In an attempt to learn from what James Surowiecki calls "The Wisdom of Crowds", I asked yesterday on Twitter
what difference a statutory register of lobbyists would have made to
the Patrick Mercer case. The best answer I got was, first, that Mercer
would have checked the register and, second, would have found the
Panorama/Daily Telegraph operation wasn't on it – after which he
presumably would not have been drawn into the sting. So the main
difference a register would have made, according to my interlocutors,
was to protect MPs against investigative journalists – not necessarily a
very happy outcome.
However, it is possible that it wouldn't have made any difference at
all, and certain that it would not do so in the case of an MP determined
to breach the rules and the law. An MP who is prepared to defy both today in a quest for money is unlikely to be deterred by
both tomorrow in the form of a statutory register. (Mercer was in breach of rules on paid
advocacy, and faces a possible police investigation under
the Bribery Act.) Furthermore, the wits of the regulators are unlikely
to be more sharp than those of investigative journalists. As Mark Wallace pointed out, the latter could set up a front company in say, Switzerland – and get on the register that way.
Mark's suggestion will doubtless provoke ever-more ingenious
suggestions for tightening the proposed register further – all the way
to the logical end-point at which all of us are registered as lobbyists
(including you, dear reader: good luck with filling in the form). For that, after all, is what we are in relation to those we elect: we lobby either as part of a group or, more likely, as individual constituents. Do I hear it claimed that separating constituents from lobbyists would be easy? Really? What of the teacher who's a local or national trade union officer, or the business which is locally based but foreign-owned, or the standard e-mail got up by 38 Degrees?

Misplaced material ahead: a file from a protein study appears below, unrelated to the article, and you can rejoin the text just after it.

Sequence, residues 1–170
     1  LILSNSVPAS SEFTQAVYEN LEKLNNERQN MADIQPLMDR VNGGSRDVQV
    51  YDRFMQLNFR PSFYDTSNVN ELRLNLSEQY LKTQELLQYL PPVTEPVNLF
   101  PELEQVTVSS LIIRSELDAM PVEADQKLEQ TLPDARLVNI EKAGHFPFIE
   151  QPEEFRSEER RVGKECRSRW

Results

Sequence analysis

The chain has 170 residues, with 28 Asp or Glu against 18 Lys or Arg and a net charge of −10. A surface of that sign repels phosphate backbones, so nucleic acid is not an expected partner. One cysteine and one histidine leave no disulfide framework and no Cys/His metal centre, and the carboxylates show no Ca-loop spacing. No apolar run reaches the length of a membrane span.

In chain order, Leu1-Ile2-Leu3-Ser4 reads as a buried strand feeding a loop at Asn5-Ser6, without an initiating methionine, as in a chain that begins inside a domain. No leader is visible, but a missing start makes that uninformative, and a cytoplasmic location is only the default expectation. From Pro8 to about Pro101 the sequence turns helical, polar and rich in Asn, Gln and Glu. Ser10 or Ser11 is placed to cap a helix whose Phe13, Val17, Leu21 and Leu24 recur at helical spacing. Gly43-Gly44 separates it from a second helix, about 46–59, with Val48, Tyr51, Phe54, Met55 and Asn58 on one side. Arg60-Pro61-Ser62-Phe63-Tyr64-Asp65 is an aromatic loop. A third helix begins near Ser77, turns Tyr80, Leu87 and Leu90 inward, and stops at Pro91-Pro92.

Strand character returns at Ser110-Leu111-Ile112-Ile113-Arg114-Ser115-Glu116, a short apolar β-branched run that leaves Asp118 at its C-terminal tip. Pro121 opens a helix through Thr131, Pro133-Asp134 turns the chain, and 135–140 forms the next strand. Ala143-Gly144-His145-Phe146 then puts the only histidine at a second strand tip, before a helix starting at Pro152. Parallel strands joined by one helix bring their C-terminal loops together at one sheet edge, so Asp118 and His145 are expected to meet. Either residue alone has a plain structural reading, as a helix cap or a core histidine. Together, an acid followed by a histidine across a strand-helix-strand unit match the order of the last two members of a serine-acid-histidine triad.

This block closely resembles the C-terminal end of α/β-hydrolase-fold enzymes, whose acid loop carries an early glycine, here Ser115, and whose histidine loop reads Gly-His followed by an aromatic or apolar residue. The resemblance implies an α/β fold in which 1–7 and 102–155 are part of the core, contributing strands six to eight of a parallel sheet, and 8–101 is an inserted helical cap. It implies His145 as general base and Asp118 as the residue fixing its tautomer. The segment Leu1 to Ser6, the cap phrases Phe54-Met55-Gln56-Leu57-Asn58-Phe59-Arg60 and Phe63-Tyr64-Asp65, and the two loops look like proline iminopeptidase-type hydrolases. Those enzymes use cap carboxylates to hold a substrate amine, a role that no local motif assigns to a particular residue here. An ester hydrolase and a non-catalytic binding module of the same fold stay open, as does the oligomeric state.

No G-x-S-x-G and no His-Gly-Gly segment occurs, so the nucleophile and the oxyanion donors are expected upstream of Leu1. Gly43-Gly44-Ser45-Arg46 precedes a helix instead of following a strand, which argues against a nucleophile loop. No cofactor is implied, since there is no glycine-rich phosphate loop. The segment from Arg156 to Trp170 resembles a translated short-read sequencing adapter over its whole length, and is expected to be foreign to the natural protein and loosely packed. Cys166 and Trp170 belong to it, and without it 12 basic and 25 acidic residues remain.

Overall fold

Talking of 38 Degrees, what about all those other special interests – Greenpeace, the Child Poverty Action Group, the RSPCA, the National Institute of Economic and Social Research? Shouldn't they all have to register, too? Those who favour a register will cite that very contemporary idea, transparency. But even if another one – proportionality – is applied, there is good cause to be wary. The big lobbying companies tend to favour a register precisely because they would be likely to get on it – a classic instance of well-established interest groups squeezing out the competition.
If the sacred cause of transparency still floats your boat, so be it. But don't pretend that it would stop Parliamentarians who are determined to behave badly, because it won't. Nothing will. Only Nick Clegg and his fellow Liberal Democrats could possibly believe otherwise. Proposals for a statutory register of lobbyists will provide the political parties with enormous fun. (David Cameron is using the revival of the idea as a means of having a crack at trade union funding.) But if it ever happens, the Daily Telegraph and Panorama's sleazebusters will still be in business afterwards, until the end of Parliament – indeed (who knows?) until the end of time.